"It ain't those parts of the Bible that I can't understand that bother me, it is the parts that I do understand." -- Mark Twain
Deuteronomy 22 is, like most of the Bible, unconscionable. Before this passage, it speaks of killing women who can't prove their virginity, killing a married woman for getting raped, etc.
If a man find a damsel that is a virgin, which is not betrothed, and lay hold on her, and lie with her, and they be found; Then the man that lay with her shall give unto the damsel's father fifty shekels of silver, and she shall be his wife; because he hath humbled her, he may not put her away all his days. (Deuteronomy 22:28-29)The "Moral" of the Passage"
It is another abominable sentiment about women. There's a number of things wrong with this passage; injustice too great to describe. If a man rapes an unmarried virgin and they are found, then the man must pay the father fifty shekels of silver (as much as God values a man at in Leviticus 27:3) and marry her. The woman gets raped and then has to marry him... the injustice is egregious. It also shows that women are very much considered property. The woman belongs to the father and thus the transgression is against him, not the woman. Since he has taken her virginity, she is of no value anymore (except perhaps if the father wishes to sell her into slavery, as the Bible explicitly permits).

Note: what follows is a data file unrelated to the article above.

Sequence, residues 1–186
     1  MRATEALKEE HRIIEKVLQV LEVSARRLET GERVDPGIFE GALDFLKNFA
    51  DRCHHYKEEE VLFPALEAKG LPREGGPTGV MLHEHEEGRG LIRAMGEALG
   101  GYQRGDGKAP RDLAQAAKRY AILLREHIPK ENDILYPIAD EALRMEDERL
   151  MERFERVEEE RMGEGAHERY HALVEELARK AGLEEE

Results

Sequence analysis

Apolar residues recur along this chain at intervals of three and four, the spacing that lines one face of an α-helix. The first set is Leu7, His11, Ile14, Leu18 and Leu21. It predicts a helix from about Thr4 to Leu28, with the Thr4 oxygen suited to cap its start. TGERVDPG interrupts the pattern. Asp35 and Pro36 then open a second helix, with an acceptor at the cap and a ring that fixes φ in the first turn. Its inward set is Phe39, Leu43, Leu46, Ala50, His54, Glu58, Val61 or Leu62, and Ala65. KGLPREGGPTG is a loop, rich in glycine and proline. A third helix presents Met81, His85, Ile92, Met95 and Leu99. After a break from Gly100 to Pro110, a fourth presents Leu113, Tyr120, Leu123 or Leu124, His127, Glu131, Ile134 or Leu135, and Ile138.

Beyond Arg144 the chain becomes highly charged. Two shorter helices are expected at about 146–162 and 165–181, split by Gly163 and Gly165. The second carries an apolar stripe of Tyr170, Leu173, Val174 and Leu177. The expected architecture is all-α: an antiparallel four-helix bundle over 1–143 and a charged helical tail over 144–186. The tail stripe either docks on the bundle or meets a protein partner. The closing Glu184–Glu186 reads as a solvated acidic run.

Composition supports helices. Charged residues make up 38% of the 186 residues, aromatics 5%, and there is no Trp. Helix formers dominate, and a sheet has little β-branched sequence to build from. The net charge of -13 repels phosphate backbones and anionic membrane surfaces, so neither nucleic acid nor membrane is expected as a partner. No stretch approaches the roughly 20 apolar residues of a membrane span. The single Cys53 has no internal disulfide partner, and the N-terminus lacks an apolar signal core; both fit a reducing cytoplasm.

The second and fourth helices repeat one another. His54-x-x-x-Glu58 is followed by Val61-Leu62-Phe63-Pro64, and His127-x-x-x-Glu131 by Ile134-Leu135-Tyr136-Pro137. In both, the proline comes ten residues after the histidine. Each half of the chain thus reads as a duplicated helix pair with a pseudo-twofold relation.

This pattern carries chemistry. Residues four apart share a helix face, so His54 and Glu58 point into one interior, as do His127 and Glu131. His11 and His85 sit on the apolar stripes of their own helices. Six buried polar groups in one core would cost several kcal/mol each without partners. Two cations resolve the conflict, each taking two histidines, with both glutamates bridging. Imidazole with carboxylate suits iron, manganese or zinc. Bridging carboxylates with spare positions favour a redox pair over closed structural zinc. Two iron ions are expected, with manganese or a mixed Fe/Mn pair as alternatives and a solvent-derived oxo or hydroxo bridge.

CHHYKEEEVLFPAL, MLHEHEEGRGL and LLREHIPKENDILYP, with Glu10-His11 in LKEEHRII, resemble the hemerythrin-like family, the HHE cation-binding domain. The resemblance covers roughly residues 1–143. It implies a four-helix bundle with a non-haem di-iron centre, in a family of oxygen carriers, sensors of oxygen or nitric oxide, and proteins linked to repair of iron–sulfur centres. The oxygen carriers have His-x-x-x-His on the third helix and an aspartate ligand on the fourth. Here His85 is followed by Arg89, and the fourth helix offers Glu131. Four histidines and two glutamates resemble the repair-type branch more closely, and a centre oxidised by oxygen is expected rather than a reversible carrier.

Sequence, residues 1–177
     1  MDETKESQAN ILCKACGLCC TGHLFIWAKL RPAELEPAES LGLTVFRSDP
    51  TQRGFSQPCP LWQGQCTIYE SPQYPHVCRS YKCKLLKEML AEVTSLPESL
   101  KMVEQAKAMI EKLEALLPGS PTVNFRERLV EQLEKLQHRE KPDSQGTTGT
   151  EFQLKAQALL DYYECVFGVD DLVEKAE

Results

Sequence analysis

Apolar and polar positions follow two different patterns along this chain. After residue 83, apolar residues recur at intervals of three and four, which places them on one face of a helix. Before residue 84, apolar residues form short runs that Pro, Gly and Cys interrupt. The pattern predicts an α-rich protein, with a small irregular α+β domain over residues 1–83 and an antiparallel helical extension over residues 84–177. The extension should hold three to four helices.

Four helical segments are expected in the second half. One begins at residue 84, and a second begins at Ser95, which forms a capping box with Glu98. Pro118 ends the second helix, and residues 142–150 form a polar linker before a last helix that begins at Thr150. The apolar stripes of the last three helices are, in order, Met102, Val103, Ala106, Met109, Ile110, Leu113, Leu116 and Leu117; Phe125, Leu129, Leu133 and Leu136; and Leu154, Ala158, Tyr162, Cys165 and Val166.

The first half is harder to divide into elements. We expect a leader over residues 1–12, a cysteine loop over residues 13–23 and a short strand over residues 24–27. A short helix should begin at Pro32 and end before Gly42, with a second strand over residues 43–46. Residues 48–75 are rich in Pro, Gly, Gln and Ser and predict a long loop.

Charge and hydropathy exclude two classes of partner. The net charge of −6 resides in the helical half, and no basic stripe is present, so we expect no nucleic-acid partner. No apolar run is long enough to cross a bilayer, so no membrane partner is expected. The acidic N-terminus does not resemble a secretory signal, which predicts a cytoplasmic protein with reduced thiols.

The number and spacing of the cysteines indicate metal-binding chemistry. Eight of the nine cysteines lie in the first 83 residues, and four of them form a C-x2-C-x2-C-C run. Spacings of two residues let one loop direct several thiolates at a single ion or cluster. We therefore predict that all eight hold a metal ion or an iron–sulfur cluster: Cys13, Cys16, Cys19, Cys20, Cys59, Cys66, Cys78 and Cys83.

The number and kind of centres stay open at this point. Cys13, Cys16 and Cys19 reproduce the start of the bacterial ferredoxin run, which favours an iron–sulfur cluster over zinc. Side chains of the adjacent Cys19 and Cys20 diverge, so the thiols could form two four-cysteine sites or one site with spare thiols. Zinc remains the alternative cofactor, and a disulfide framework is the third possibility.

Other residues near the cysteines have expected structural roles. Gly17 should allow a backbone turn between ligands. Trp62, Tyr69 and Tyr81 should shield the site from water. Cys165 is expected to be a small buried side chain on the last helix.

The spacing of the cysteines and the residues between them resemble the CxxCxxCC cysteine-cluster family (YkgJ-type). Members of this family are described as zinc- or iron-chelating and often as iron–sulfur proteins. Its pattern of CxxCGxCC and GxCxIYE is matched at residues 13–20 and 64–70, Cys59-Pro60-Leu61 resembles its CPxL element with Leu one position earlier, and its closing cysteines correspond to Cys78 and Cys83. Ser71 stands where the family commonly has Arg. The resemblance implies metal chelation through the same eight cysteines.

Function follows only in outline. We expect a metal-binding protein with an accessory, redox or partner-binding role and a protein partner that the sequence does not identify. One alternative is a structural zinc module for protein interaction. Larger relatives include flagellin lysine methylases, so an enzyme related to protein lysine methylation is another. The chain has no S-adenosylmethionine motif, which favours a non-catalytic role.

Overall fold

And if they are not found... what then? She is no longer a virgin. If she then is married to another man, she will be stoned to death (Deuteronomy 22:13-21). Any way you slice it, if a woman is raped, it can only work out for her if she is married at the time and the rape occurs in a field (Deuteronomy 22:25).
Connection to Modernity
The virgin in question is most likely a young girl (as was the way then). So, a child rapist, according to the Bible, gets to rape as long as they aren't "found." If they are found, he has to pay a fee to the father and then marry her.
Until Kennedy v Louisiana, this got the death penalty in some places. Otherwise, it usually comes with life in prison (not to mention the torture incurred in prison due to the nature of the crime). Anyone who thinks that (1) child rape is a crime against the father, and (2) it merits nothing more than a fee paid to the father, is immoral.